Our friends at University of California, San Diego are helping to unravel the complexities of Down syndrome and Alzheimer’s disease. A news report from WFMZ in San Diego refers to a three-year pilot project involving a relatively small set of individuals with Down syndrome, like the impressive Jonathan Shirley.
Dr. Mike Rafii, the principal investigator on this pilot Down Syndrome Biomarker Initiative (DSBI) and his research colleagues at UCSD, are investigating the similarities between the brains of aging people with Down syndrome and those with Alzheimer’s disease, both developing buildup of characteristic amyloid plaques. Individuals with Down syndrome develop these amyloid plaques earlier by the age of 40.
LuMind Foundation’s Chief Scientific Officer, Dr. Michael Harpold, is a member of the DSBI steering committee and is collaborating with Dr. Rafii and others on developing a larger private-public partnership DSBI study. That program is currently in the planning and development stage. To see the news segment in full and watch a video of Jonathan Shirley, please click here.
Researchers at University of California Davis are helping to unravel the complexities of Down syndrome by identifying a group of so-called supporting cells in the brain that may be related to abnormal neuron development.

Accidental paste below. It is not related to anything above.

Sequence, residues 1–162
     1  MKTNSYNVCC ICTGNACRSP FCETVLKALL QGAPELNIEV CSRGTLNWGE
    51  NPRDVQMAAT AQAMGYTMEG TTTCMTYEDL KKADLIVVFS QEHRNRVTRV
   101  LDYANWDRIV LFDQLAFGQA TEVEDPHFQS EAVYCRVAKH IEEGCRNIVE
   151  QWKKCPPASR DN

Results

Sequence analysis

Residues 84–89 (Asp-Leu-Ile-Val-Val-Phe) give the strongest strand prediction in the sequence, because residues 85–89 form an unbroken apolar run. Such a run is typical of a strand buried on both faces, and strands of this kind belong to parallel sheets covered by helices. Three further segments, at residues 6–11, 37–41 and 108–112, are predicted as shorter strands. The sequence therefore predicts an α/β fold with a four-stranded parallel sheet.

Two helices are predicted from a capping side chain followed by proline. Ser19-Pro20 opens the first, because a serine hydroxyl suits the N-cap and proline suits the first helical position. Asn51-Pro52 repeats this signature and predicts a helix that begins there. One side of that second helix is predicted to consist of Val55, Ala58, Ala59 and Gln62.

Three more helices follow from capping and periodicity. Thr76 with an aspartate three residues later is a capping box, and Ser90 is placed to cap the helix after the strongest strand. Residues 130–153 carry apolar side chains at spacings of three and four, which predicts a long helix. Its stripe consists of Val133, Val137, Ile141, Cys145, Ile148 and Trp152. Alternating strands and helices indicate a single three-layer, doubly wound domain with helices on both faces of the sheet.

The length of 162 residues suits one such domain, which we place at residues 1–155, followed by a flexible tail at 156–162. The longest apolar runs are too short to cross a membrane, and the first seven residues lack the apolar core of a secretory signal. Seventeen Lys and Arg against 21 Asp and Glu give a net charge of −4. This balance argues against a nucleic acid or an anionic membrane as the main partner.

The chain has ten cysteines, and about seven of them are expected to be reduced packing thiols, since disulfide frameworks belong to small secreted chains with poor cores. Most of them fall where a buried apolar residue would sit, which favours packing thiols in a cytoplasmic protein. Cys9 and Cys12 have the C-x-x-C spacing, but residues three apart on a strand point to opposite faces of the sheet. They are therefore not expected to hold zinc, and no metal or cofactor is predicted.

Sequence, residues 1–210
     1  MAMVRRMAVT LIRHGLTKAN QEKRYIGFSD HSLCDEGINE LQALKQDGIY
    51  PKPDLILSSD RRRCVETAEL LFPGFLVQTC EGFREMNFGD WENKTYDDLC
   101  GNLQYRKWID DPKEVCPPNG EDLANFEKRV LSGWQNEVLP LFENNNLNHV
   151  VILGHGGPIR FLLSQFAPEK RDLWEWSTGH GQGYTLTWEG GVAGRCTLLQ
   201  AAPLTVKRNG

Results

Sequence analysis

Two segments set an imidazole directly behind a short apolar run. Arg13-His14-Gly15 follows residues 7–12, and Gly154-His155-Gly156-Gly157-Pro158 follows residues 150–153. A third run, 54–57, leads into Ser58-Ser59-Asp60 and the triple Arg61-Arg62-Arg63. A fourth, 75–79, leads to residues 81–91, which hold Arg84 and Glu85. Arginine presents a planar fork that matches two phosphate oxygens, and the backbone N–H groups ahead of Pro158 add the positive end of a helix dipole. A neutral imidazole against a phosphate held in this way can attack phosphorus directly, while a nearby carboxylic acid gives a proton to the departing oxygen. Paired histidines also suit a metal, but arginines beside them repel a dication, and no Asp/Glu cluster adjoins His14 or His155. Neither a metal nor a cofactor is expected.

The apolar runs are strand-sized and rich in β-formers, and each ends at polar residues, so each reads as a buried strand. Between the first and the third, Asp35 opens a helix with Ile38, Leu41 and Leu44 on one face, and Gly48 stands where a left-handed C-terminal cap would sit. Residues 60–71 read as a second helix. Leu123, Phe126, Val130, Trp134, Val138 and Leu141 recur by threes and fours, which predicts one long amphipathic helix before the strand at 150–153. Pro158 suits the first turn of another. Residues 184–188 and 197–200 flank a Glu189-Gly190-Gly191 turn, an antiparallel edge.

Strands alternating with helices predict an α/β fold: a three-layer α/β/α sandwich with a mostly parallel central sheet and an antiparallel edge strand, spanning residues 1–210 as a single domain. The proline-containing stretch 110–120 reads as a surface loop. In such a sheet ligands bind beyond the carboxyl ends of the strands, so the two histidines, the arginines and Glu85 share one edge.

The research team obtained evidence of a potentially critical role of astrolgia cells in people with Down syndrome. The researchers created a human cellular model based on skin cells from people with Down syndrome and performed detailed physiological studies and screened for possible drugs that may alleviate some of the abnormalities. Read more about this discovery.
The tremendous breakthroughs continue to come at an unprecedented pace in the world of Down syndrome cognitive development research!
We enjoyed meeting friends and making new ones at the National Down Syndrome Congress convention in Indianapolis from July 11-13, 2014.
We especially want to thank the people who got up early on Saturday morning to show an interest in research by attending our presentation “Advances in Down Syndrome Cognition Research – Dramatic Progress in Translating Discoveries into New Therapies.” Carolyn Cronin, Dr. Michael Harpold and Dr. Roger Reeves addressed a crowd of more than 200 people and answered questions about the opportunities created by your donations to the LuMind Foundation.
Basketball + Fourth of July + air conditioning = a great way to raise money for Down syndrome cognition research!
Our friend and Board Member Anthony Providenti hosts a Long Island tradition, a basketball tournament to benefit the LuMind Foundation. The event raised $4000 and the spirits of all of us here at LuMind – thanks to everyone who played, cheered and donated.
Here’s an article about the event:
Young and Hoary Battled at Sportime – Tournament benefited Down syndrome foundation